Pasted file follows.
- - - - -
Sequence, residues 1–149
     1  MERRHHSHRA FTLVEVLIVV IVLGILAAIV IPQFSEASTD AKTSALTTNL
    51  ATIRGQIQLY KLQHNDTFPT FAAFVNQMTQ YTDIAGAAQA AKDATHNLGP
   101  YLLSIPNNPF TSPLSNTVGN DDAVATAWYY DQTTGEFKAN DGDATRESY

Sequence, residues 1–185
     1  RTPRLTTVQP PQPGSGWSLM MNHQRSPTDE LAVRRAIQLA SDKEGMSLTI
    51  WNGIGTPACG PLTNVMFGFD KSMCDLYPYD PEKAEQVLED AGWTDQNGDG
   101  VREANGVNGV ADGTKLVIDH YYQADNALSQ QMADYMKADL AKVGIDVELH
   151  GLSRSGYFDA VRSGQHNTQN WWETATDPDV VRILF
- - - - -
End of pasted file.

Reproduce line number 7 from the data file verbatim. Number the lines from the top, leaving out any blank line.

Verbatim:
    51  WNGIGTPACG PLTNVMFGFD KSMCDLYPYD PEKAEQVLED AGWTDQNGDG